Engineering a better night’s sleep
Ever wondered why you wake up at roughly the same time each morning whether or not your alarm clock is on?
Your body is programmed by circadian rhythms that dictate your sleeping and waking patterns. When these rhythms are disturbed, as may be the case with shift work, or international travel and time zones changes, the result is often insomnia. Disturbed sleep or insomnia is common, with up to 20% of Australians suffering the condition sporadically and 10% suffering chronic sleeplessness. As sleep is fundamental to our health and wellbeing with a lack of, or poor quality sleep affecting motor skills, memory and mental health, this was a problem worth tackling.
With over 25 years of research into sleep and sleep disorders, clinical psychologists Professor Leon Lack and Dr Helen Wright are world experts in falling asleep, staying asleep and the effects of not sleeping enough. Their in-depth and comprehensive research into sleep and sleep disorders has led to the development of a new, drug-free, means of reprogramming the body’s circadian rhythms using wearable light technology. “Wearable light’ enables users to go about their daily lives whilst gaining the benefits of light therapy. Because the light source moves with the wearer, the angle at which the light is delivered remains optimised at all times during usage.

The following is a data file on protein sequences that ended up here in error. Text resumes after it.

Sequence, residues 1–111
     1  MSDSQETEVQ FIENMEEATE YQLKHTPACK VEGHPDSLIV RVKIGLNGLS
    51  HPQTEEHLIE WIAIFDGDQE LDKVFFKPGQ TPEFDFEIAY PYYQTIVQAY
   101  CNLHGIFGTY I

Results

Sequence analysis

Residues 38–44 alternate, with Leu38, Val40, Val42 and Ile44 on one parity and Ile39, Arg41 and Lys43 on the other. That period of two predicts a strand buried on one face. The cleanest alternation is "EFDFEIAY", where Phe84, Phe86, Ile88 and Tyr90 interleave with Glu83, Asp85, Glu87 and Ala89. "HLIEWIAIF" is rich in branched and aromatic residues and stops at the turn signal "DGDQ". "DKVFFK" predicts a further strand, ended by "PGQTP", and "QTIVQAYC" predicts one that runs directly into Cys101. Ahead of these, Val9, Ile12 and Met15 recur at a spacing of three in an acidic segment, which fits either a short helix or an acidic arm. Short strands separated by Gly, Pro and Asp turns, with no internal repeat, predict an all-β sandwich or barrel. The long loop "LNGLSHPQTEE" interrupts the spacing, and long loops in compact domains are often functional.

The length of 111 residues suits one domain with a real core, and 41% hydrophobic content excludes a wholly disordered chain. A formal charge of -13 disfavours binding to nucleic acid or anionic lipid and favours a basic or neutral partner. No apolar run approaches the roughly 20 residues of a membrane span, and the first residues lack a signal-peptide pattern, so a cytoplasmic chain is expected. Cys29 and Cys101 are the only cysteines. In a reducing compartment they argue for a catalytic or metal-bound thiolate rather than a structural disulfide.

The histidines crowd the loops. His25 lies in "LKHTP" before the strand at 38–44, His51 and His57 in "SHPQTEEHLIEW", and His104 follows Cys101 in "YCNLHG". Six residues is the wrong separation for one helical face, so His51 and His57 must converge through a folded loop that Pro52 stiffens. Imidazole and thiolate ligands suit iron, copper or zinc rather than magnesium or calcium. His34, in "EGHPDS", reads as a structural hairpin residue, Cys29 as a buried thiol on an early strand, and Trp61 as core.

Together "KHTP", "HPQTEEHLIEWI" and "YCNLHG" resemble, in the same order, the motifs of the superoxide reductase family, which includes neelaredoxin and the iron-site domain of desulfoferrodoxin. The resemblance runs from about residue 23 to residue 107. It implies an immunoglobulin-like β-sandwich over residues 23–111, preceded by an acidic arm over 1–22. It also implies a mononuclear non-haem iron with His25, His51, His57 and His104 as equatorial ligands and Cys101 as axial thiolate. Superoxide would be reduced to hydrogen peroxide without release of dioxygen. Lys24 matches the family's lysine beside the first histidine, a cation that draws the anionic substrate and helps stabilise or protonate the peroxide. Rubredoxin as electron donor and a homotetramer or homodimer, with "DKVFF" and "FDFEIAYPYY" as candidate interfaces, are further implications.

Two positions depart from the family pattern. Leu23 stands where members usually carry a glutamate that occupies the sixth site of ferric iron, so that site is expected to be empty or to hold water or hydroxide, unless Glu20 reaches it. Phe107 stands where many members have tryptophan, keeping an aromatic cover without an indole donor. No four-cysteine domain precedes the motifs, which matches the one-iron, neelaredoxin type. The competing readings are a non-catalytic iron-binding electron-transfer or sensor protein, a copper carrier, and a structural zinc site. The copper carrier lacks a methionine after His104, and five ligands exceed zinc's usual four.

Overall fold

To translate over 25 years of sleep research into a tangible new technology required over 2 years of device development with ophthalmologists and design specialists. Taking a working prototype from the Flinders Sleep Research Laboratory to market also required the expertise of an industry partner who could engineer and manufacturer the product at scale.
After partnering with a local, Adelaide-based, automotive supplier, SMR Technologies, Re-Timer was launched as a world first in wearable sleep technology. Applications for the technology include Seasonal Affective Disorder, jet lag and shift work sleep disturbances, with customers around the world reporting profound positive effects from their use of the device.
Within two years, Re-Timer has become a market- leader in wearable light therapy devices, is an export success with 85% of production sent from Australia to export markets and is profitable, highlighting the real benefits of University-Industry partnership in Australia.
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